Personally, I've only enjoyed a few of the concentrates that I've tried. I don't mind high potency, in fact I love it. But, the problem I've always had was that the psychoactive effects seem somewhat one dimensional, or flat. Kind of like smoking resin. It could be that some of the oil and wax extractions I tried were from a mix of many strains, because they can be made from excess trim. That might result in 'unfocused' psychoactive effects.

One extract that I tried that I enjoyed very much was called 'bubble hash'. Bubble hash is made with ice water and a series of filters. It has a very natural, fresh taste that is as recognizable as the plant it was made from. I thought it was plenty strong enough for me but of course, I have very low tolerance.


Which brings me to the fascinating subject of T breaks. T is short for tolerance, and in case you hadn't noticed, are all the rage, at least on reddit. The subject is interesting to me because consumers have been noticing changes in their reactions to cannabis since I've been a teenager. It's an old conversation, but in recent years, it's taken an almost 180% turn.

Back in the day, consumers would brag about their sensitivity to cannabis. “I'm SO baked”. “I'm as stoned as a monkey!” Newer smokers wouldn't feel much of anything. Part of this was that they hadn't learned to inhale. But, a good part was that there was no cannabis (in bud form) with over 15% THC available in the late 60's. We didn't just learn to inhale, we also learned to be more sensitive to the effects of cannabis.

Alcohol or cocaine are substances with effects that can be discussed in direct terms. The effects of even very high THC cannabis are moderated by the consumers preexisting state of mind. Alcohol and cocaine work pretty much the same way on everyone. Cannabis works quite differently for each individual. I think it's reasonable to assume that this is because each person has so much ability to mediate it's effects through their preexisting state of mind.

Drugs like alcohol and cocaine do all the work for us. For us to get the best benefits from cannabis, we need to meet it half way. I think the old guard culture that promoted greater sensitivity to cannabis' effects was wiser. The young people who brag about their high tolerance are simply not getting Mary Jane's point.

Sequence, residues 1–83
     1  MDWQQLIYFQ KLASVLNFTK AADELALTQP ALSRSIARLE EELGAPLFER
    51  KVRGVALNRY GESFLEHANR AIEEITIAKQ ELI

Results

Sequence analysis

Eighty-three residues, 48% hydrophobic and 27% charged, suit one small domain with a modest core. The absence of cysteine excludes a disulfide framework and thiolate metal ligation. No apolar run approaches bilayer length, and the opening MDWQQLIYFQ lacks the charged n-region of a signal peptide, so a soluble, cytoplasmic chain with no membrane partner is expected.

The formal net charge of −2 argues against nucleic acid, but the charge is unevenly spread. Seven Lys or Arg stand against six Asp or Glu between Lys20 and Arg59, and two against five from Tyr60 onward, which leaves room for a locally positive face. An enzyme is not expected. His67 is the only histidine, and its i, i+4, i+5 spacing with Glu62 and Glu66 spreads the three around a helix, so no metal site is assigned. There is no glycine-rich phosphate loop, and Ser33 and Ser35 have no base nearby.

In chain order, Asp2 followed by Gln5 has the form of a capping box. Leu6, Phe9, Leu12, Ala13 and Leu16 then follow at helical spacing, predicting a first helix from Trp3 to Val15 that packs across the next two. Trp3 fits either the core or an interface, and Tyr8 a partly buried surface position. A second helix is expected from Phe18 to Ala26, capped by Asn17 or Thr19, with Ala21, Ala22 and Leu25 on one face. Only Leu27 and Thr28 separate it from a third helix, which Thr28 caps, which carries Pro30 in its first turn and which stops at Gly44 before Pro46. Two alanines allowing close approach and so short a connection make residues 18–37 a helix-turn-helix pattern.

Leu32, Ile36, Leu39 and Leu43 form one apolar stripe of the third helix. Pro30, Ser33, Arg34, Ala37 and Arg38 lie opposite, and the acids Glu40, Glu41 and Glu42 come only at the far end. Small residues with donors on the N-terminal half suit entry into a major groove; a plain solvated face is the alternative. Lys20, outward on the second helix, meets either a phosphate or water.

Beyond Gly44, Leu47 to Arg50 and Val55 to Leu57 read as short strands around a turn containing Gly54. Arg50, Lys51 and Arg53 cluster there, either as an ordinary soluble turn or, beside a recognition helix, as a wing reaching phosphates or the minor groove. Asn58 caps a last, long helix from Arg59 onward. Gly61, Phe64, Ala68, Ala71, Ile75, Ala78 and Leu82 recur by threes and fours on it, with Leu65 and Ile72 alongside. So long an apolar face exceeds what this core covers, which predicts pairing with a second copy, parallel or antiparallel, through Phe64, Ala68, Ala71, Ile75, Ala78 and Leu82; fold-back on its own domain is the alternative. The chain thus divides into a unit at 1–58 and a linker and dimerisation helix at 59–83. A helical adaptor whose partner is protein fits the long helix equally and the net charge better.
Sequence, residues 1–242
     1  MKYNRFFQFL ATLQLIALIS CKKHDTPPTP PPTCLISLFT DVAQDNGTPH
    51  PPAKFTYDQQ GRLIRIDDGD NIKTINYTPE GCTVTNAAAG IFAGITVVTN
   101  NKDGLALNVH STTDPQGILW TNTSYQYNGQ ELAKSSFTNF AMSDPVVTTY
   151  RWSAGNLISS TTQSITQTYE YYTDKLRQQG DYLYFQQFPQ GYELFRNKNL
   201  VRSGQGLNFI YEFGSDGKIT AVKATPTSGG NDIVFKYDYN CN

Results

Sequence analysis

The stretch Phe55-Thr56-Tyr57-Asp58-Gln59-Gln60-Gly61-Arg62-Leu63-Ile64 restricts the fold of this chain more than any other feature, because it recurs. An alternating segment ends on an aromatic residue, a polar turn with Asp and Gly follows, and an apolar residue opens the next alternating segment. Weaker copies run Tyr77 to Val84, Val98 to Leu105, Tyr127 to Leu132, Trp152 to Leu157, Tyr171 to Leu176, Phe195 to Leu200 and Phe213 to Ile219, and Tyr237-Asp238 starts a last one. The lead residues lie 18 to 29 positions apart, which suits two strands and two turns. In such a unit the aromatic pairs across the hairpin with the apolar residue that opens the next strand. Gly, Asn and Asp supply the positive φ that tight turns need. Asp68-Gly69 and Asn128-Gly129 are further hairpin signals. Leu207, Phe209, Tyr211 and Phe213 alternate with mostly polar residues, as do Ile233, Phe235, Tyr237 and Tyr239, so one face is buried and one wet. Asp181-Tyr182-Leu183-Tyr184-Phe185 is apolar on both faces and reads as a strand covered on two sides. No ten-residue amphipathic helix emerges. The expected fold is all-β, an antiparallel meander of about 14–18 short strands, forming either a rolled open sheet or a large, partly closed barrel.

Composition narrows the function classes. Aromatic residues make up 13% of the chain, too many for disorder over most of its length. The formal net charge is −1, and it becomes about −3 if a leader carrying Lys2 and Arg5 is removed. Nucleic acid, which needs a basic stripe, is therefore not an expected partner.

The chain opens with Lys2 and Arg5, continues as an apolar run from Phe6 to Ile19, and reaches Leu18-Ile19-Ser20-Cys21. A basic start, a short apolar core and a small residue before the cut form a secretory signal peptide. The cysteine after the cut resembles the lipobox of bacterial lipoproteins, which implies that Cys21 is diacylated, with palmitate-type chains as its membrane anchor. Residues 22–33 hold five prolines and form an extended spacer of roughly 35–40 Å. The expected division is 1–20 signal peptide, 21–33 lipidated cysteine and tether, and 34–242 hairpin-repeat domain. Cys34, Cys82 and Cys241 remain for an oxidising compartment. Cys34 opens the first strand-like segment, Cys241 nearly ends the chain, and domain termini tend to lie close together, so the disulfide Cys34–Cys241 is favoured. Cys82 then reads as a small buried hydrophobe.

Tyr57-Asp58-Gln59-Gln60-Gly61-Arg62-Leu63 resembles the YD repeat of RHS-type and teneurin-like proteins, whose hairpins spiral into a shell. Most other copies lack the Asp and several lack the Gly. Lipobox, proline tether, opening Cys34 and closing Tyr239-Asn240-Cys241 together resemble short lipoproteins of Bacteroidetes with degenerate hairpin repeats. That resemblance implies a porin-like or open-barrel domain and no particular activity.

To be fair, high tolerance is another consequence of lack of choices. It's a lot easier to build tolerance when you're only consuming one strain. The new bag often seems more potent than the old one, simply because it's different. There is probably a physical side to this, but I'd guess that most of it is driven by preexisting state of mind.

The connoisseur with many jars in his/her cabinet has a preexisting state of mind. It is one of sensitivity to the various subtle differences in smells, tastes, colors and effects. The connoisseur seeks to experience more, not less. That preexisting state of mind leads towards lower tolerance.

To put it simply, low tolerance practiced. It is a learned sensitivity to the subtle differences in effects of cannabis. High tolerance is nothing more than boredom with cannabis' effects. State of mind can lead in either direction.

What's up with holding hits?

Sorry for that title, but as I wrote it I pictured Jerry Seinfeld saying that line while holding a bong hit. At some point in the early 90's, I noticed that some of my younger friends would take huge bong hits and then basically blow them right out. This is quite different from 'back in the day'. My older friends can tell you that we used to hold 'em. Heck, we even had contests. I saw a recent epidemiological study that traced daily cannabis using men over 25 years into their 50's and found that they all had larger lung capacities than non smoking men their age.

Recently, in support of the no-hold-hits movement, there have been numerous online articles written about how you get just as much effect from holding in 5 seconds as you would if you held it 5 minutes. So far, I've seen no science to back up.

Imagine how stupid we were in our generation! All that time holding those hits in for minutes, and not even getting any more high for it? You'd think we would have noticed that it wasn't working. All sarcasm aside, it does work. You get higher if you hold hits longer. Not only that, but I've noticed that it makes quite a big difference with low temperature 'oven' style vaporizers for whole flowers. It's almost as though it takes longer for the vapors to be absorbed into the lungs than the resulting gasses from combustion do. In any case, I've modified my style. Now I hold vaporizer hits extra long.

Conversely, blowing hits out immediately keeps you from getting 'too high'. I understand that there are certain bragging rights (however misguided!) among young men in regard to having high tolerance to cannabis. It seems quite obvious that you could smoke your friends under the table if you simply blew the hits out faster than they did. Sort of like spitting out three quarters of each shot of tequila. Everyone else would be drunk, and you'd still be fine.